Preservation and Continuity: Shifting Conceptions on What Constitutes an Archive:Luke Tredinnick, David Thomas and Valerie Johnson’s articles (Articles 2 and 9) focus on the life of digitized materials. Luke Tredinninck observes that digital documents, unlike traditional documents, “will not be preserved in central repositories, but that in our use and exchange of information and knowledge,” the digital archive is all of the world wide web. Tredinnick argues that when a document is digitized, it becomes part of the historical narrative; the digitized material is a historical documents as soon as it is created. (pp. 42-43). He also points out that in the digital age, the sheer number and the diversity of accounts have multiplied. The ability to watch a historical event as it had actually happened, on-line discussions, and the ability to comment on events, reduces the distance between historical events and their discussion and analyses. Digital media seens thus to have altered the way we learn history, the way we preserve and interact with it. Today we interact with the past in novel ways; we do not only read about history but we often have the ability to watch and listen the related material as well as learn about others’opinions.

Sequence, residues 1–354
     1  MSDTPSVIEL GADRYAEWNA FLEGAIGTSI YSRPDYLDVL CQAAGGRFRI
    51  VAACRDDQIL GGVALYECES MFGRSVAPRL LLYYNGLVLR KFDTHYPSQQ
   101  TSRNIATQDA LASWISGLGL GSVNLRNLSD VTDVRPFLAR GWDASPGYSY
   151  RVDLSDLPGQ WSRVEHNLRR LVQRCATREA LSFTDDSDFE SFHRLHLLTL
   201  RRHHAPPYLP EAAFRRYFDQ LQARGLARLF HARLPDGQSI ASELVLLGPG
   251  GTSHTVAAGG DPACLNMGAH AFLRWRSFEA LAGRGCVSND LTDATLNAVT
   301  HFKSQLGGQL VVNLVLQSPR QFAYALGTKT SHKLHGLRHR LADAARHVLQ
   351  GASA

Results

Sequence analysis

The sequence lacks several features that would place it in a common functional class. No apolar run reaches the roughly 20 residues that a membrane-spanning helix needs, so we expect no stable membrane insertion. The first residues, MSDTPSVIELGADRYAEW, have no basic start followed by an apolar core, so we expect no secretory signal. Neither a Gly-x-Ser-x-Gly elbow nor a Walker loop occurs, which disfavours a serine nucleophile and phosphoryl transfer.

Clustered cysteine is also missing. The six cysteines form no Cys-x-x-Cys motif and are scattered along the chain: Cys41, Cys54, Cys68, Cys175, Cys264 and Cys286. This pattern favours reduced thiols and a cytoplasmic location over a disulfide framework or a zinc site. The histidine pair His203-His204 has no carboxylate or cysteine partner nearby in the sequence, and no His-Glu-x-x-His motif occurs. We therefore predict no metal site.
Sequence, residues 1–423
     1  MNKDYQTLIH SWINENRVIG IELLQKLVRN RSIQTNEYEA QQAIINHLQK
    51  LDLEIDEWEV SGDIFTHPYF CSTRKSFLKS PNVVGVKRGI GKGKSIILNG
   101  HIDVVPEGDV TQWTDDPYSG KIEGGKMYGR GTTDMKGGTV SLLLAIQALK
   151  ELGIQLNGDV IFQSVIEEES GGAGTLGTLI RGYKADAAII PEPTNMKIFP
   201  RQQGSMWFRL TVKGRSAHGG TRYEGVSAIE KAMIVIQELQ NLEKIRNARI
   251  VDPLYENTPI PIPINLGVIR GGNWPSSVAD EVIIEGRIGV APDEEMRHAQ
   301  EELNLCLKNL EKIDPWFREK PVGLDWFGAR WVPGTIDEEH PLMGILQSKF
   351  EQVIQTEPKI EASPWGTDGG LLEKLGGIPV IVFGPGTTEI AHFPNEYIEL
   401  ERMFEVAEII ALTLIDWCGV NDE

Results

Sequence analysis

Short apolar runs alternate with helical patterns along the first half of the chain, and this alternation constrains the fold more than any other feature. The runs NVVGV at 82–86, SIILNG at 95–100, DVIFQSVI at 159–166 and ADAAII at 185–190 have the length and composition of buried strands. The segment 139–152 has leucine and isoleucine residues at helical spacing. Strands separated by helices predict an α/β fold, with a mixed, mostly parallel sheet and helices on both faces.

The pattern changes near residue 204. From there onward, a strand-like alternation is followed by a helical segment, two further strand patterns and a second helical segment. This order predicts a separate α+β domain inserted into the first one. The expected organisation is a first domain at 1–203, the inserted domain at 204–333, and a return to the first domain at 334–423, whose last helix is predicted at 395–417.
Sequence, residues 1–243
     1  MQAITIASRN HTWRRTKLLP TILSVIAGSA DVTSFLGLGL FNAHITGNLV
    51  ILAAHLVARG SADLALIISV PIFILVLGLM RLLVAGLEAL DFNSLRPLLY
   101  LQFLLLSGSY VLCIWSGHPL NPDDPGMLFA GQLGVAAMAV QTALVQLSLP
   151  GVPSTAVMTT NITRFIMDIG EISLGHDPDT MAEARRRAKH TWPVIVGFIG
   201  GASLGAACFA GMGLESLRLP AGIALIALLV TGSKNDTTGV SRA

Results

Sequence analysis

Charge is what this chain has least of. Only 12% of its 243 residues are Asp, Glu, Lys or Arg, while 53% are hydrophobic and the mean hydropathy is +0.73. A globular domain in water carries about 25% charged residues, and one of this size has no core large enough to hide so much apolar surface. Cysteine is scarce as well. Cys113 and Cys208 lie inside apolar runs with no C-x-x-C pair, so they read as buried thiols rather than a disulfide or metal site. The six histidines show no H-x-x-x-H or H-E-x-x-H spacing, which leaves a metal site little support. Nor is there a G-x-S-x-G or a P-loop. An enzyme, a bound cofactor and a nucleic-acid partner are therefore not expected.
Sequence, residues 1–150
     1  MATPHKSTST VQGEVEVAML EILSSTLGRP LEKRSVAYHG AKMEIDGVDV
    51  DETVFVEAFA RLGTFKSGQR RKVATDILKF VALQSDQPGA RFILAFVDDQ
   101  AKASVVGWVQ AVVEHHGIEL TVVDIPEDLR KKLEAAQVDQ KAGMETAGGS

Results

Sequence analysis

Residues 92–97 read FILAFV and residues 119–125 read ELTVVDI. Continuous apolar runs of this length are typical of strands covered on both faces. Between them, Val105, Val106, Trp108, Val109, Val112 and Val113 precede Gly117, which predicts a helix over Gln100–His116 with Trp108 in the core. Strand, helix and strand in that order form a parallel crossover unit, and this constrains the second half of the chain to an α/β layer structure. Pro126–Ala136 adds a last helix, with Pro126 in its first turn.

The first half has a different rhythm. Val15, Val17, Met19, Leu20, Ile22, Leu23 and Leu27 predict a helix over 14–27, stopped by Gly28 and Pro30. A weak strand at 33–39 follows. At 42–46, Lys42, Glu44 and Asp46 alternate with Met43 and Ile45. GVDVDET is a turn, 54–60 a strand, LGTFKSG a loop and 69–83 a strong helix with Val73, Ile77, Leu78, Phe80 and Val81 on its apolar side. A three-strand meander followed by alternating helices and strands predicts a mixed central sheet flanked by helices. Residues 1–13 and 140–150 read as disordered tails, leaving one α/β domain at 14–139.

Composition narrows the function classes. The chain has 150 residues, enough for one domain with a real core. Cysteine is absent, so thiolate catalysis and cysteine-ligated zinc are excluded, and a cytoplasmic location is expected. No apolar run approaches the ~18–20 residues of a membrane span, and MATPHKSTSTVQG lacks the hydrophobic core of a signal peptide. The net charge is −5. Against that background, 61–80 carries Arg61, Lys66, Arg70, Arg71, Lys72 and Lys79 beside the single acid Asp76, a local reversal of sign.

While Luke Tredinninck focuses on the benefits of digitization, David Thomas and Valerie Johnson (Article 9)write about the challenges of digital media. First, they point to the issues regarding compatibility and accessibility given the speed at which technology is evolving. They argue that the born digital materials will not be subject to a complex selection process before they are “archived” like paper records are. The word “archive” might become obsolete, because everything in the digital corpus will be preserved. The end of the record as we know it, could also be the end of archive as we know it, as everything collapses into raw data (p. 183). The authors argue that the consequence of a multi-streamed approach to digitization of resources for humanities has been a lack of coherence in the resulting corpus of digital material in this field (p. 177). They ask, “where is the large scale vision in the humanities?” Apographeme is a database of all written material from the classical era, begun as the Cybereditions project at Tufts University. Classicists, in other words, have begun to collate “a complete record of every surviving linguistic source for a particular corpus.” (See, “Changing the Center of Gravity: Transforming Classical Studies Through Cyberinfrastructure”). The authors rightfully complain about the lack of vision among historians to collect and organize their data, no matter how varied and distinct their primary material may be. Classics and archaeology are unique among fields that study the human past. In terms of moving their discussion and resources on-line, these two fields have been closer to the world of core sciences where the entire means of working and scholarly discourse has now gone online (p. 183). We historians have to build a system to link together our materials and databases so that we can spawn our own inter-connected digital galaxy, which eventually can be connected to other galaxies in the universe of human knowledge (pp. 188-189).